UNICEF Azerbaijan launched special edition of State of the World’s Children to mark the 20th Anniversary of the Convention on the Rights of the Child in the Parliament
BAKU, 20 November 2009 – Today, during a special session in the Parliament of Azerbaijan (Milli Mejlis), UNICEF released its flagship report focusing on the 20th anniversary of the adoption of the Convention on the Rights of the Child (CRC) by the United Nations General Assembly. The Convention is the first legally binding international convention to affirm human rights for all children.
Since 1989, the CRC has achieved near-universal acceptance, having now been ratified by 193 parties – more than belong to the United Nations or have acceded to the Geneva Conventions.
The special session in the Milli Mejlis dedicated to the CRC anniversary, was opened by the Chairman of the Parliament Oqtay Asadov, and then followed by the speeches of MPs, UNICEF Representative in Azerbaijan Mark Hereward, Ombudsperson Elmira Suleymanova, the deputy chairperson of the State Committee on Family, Woman and Child Problems Sadagat Gahramanova and the speaker of the Child Parliament Taleh Aliyev.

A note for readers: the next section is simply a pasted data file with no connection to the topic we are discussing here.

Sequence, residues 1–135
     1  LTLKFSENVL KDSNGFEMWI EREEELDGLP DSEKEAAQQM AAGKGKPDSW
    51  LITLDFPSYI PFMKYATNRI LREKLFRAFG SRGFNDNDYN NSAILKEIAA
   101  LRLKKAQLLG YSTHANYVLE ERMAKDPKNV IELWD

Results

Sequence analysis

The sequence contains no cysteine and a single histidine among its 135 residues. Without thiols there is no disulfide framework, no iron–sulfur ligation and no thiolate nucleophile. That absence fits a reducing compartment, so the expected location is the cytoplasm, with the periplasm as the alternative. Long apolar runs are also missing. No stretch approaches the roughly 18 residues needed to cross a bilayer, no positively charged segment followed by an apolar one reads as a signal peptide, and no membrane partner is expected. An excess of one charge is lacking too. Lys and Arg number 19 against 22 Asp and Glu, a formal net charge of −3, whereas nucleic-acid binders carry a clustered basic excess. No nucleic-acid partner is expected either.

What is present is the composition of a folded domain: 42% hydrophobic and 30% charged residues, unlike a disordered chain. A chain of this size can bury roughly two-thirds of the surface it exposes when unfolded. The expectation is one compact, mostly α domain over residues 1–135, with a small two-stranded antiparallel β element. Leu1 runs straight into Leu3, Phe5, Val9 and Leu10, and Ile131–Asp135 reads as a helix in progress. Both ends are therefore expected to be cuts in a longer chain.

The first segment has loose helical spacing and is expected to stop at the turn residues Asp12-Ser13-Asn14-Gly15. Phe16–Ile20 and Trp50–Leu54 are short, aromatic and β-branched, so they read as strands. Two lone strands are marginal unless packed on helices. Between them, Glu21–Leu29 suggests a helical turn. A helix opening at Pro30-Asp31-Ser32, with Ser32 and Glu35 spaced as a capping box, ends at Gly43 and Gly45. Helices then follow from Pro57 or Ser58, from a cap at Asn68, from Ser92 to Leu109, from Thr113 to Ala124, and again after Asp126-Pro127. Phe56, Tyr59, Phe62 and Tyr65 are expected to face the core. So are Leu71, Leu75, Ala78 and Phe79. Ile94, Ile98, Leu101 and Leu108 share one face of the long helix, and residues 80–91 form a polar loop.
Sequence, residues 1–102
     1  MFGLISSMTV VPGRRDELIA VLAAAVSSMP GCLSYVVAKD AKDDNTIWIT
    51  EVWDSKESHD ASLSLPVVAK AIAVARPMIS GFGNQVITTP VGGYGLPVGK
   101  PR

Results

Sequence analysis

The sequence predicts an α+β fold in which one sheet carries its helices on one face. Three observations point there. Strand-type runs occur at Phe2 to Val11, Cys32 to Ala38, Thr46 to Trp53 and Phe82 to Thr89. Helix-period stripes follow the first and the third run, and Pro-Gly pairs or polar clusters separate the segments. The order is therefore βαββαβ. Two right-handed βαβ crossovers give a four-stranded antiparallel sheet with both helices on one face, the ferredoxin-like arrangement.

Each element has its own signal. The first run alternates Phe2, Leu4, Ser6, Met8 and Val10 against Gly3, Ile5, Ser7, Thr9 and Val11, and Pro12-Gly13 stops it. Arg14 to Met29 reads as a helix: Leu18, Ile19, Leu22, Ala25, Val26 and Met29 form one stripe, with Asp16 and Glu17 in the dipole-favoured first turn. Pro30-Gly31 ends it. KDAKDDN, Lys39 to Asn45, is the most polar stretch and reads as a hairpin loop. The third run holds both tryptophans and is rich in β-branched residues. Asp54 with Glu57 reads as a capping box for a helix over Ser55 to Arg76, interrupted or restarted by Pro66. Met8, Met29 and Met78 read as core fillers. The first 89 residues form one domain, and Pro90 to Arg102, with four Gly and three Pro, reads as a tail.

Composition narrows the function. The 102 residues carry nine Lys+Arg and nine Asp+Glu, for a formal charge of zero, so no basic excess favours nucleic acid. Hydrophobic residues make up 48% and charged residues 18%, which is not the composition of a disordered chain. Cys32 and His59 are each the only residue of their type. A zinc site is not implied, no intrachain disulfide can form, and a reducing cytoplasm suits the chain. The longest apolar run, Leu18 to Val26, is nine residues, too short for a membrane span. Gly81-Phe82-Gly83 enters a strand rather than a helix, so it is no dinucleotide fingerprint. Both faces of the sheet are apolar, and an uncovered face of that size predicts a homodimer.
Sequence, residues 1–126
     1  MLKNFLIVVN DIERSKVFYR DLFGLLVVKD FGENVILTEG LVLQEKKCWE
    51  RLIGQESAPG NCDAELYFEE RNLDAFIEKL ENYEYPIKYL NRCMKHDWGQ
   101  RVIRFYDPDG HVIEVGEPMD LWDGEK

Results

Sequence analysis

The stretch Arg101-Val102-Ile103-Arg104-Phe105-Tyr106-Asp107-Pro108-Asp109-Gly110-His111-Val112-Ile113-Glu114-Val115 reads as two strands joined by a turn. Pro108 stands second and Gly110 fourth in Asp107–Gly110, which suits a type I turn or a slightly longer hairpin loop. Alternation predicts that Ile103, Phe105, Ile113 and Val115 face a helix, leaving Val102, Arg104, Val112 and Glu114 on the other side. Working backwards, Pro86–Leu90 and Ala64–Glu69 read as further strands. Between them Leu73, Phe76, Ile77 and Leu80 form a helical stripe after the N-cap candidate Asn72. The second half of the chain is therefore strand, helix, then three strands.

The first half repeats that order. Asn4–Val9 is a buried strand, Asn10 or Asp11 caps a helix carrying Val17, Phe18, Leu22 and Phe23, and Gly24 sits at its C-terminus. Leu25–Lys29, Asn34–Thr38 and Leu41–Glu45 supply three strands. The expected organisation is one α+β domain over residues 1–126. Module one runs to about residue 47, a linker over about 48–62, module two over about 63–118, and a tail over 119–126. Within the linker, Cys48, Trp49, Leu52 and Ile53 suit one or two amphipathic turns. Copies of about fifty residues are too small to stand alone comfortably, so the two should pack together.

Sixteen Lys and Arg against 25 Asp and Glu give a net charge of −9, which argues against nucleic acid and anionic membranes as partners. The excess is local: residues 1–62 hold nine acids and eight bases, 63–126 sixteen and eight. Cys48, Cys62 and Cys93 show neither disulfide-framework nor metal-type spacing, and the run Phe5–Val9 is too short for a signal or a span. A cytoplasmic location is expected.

Worldwide today UNICEF and civil society partners are convening representatives of Governments, civil society, the private sector, as well as children and young people at the United Nations to commemorate the 20th anniversary of the Convention on the Rights of the Child.
“The Parliament has been doing its best to create the necessary legal framework for the proper realization of child rights. Many conventions that define the rights and liberties of children and women have been ratified. Ten laws on children’s rights have been adopted. Overall, over 70 laws, 10 codes in Azerbaijan cover children’s rights,” he added.
“Based on surveys from across the world, UNICEF estimates that for every dollar invested in the physical and cognitive development of children, societies eventually recoup seven dollars they do not need to spend on emergency health care, social services and prisons. The imperative for improving health, education and other social services is as much economic and is it moral,” he said.
“We are also investing in research to show what the cost would be to Azerbaijan of not investing in basic health, education and other social services – such as the long-term cost to the economy if schools do not improve enough to produce a globally competitive workforce.”